Earn interest on your crypto by depositing your assets into a DeFi protocol
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Stablecoins are tokens on the Ethereum network that reflect the price of the US dollar or other fiat currencies. The most popular are USDT and USDC. They are centralized stablecoins issued by companies who hold reserves of dollars in bank accounts. You also have decentralized stablecoins like DAI or sUSD which are collateralized by crypto assets. Stablecoins are practical if you want to invest your assets and earn interest without being exposed to volatility.
To use any of the protocols listed above, you first need an Ethereum wallet. The most popular and widely supported wallet is Metamask. Once you have set up your wallet, you need to buy Ether on a crypto exchange and withdraw it to your wallet. You need to have Ether (ETH) in your wallet to pay for transaction fees of the Ethereum network. You can then go to any of the protocols listed above and deposit your Ether to earn interest. If you prefer to earn interest on a stable asset like DAI or USDC you can buy those on most crypto exchanges or on a decentralized exchange like Uniswap.
Most DeFi lending protocols give you a deposit token that proves your deposit. For example, when you deposit $DAI into the Aave protocol you receive $aDAI. When you deposit $DAI into Compound you receive cDAI. These tokens represent your share in the asset pool of the protocol and they automatically get incremented every few seconds depending on the current interest rate. In other words, you can sit back and relax while your balance keeps accruing. The moment you want to withdraw your funds from the protocol, your aDAI or cDAI will be converted into the equivalent amount of DAI and sent to your wallet.
Like in traditional finance, lending rates in DeFi are ultimately determined by supply & demand. There are multiple reasons why the demand for borrowing is high in DeFi resulting in high interest rates. First, DeFi is global by definition so it brings borrowers from all over the world to the table. What might seem like a high interest rate for a loan to you might seem like a good deal to someone in an emerging market country where the cost of capital is much higher. Secondly, there are plenty of profit opportunities in the crypto space (partly because markets are still not 100% efficient). Traders pursuing these opportunities need liquidity and are willing to pay high interest rates for it.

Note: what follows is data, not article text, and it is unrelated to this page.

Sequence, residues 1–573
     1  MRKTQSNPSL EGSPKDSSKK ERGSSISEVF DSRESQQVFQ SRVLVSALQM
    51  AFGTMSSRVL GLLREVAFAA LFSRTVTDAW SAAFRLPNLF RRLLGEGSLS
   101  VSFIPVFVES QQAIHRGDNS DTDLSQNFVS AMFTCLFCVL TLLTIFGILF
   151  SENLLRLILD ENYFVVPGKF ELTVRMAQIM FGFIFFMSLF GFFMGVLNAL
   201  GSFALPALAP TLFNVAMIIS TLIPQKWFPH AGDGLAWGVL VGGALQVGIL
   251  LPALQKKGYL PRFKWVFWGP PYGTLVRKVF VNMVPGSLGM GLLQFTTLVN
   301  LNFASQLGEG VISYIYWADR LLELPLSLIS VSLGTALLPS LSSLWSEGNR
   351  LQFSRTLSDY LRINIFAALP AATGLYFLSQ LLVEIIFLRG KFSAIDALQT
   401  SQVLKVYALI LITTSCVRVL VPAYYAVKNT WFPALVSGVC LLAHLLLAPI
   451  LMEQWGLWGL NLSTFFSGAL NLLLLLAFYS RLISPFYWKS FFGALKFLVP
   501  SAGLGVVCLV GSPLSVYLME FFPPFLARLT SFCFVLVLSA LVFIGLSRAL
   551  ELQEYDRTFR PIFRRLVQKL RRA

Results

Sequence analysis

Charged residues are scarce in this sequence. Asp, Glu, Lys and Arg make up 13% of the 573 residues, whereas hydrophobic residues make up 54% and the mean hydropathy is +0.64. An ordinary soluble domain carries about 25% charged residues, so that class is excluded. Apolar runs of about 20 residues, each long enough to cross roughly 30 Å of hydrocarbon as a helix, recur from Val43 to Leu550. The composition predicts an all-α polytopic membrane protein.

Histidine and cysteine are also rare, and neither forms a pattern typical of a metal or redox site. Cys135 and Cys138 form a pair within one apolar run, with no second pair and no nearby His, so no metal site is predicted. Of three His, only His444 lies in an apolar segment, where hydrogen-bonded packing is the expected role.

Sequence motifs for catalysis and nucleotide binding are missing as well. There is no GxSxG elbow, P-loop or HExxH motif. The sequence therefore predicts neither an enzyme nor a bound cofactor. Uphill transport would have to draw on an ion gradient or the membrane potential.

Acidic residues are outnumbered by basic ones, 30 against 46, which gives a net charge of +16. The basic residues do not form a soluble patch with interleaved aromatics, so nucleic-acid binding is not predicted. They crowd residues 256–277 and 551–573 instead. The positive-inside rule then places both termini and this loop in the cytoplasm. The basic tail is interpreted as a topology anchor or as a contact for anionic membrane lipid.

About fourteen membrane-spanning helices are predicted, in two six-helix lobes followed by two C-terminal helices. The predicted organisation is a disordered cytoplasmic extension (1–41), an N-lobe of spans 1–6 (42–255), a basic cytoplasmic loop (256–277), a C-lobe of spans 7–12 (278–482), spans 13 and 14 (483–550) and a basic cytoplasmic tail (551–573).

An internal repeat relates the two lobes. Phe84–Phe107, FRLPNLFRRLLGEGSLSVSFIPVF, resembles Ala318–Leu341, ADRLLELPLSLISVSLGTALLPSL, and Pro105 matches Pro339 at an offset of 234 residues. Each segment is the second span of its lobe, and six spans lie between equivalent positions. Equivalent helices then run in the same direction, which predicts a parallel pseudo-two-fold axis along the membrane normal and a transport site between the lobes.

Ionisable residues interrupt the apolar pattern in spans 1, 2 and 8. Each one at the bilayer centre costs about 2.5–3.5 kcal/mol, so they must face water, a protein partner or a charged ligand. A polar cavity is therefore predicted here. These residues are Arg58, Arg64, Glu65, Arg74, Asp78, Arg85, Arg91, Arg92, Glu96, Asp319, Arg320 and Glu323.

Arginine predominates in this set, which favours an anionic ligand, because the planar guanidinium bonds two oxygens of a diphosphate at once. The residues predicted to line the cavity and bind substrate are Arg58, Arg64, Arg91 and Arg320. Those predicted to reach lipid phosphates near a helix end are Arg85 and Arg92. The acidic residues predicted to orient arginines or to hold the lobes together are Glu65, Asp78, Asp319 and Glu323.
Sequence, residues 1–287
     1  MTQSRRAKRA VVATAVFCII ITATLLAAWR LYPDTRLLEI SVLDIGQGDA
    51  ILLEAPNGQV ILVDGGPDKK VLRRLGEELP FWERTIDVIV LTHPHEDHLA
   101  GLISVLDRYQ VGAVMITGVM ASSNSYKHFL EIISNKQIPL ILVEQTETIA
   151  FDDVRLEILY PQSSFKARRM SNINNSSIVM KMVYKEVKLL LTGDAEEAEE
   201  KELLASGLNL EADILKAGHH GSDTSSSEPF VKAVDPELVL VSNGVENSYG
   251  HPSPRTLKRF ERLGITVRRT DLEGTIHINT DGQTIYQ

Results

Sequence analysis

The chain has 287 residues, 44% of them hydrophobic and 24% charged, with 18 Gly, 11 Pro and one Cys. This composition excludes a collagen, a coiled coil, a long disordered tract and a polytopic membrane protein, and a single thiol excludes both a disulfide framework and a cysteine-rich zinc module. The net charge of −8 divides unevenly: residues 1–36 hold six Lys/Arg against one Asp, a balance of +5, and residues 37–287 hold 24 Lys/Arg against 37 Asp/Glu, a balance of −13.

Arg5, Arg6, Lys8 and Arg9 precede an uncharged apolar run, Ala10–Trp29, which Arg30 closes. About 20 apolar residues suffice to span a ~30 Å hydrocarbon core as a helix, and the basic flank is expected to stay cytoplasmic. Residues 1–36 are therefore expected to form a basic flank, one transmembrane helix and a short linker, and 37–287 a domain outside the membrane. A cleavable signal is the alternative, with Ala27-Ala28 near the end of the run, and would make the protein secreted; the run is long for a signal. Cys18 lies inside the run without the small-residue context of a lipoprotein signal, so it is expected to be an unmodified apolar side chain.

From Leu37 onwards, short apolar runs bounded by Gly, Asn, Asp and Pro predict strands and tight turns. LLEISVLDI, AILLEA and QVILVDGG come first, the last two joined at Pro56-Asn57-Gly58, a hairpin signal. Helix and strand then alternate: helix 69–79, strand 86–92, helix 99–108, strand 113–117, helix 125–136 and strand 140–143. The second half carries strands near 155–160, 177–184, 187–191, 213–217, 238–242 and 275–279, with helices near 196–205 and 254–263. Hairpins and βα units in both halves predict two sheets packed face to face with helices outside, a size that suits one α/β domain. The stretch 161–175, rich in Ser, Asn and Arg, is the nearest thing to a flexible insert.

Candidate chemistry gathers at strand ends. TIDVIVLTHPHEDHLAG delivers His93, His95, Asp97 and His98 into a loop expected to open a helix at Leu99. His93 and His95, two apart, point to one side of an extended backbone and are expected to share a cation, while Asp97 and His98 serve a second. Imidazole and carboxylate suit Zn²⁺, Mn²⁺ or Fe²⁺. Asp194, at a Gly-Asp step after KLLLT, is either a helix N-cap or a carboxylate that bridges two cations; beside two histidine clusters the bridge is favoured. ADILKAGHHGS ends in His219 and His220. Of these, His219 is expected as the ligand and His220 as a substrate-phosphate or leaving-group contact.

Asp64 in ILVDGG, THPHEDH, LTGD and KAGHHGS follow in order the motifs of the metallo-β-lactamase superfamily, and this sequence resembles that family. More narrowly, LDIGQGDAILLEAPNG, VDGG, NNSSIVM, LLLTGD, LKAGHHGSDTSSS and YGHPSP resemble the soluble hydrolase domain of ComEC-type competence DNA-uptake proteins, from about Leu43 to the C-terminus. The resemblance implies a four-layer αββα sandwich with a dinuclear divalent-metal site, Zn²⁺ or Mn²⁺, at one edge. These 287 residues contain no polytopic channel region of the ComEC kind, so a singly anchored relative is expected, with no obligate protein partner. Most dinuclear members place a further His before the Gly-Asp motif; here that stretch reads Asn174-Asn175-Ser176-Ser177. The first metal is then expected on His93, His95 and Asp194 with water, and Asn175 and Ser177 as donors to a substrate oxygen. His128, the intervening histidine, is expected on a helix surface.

WBTC stands for wrapped bitcoin. Since all of the decentralized finance protocols are built on the Ethereum Blockchain there is no native way to transact with bitcoin in DeFi. WBTC is an ERC20 token that is compatible with the Ethereum Blockchain. WBTC is issued by a consortium of companies, which collectively guarantee that there's always enough "real" bitcoin backing the value of WBTC. Users can redeem WBTC against native bitcoin at any time. That's how WBTC always trades at par with native bitcoin. It allows users owning bitcoin to bring their bitcoin into DeFi and putting it to productive use there.
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Decentralized finance is an area in the crypto industry that tries to bring bank-like services such as trading, lending & borrowing of assets on the Blockchain. These applications are called protocols, because they are not controlled by a single company like most services in the traditional world. Instead they are governed by a community of token holders who collectively decide on the future of these protocols. They don’t need to be operated by a company because these applications are built in a way that doesn’t require you to trust them. Every operation is automated by code and users have guarantees that these applications are going to work exactly like intended.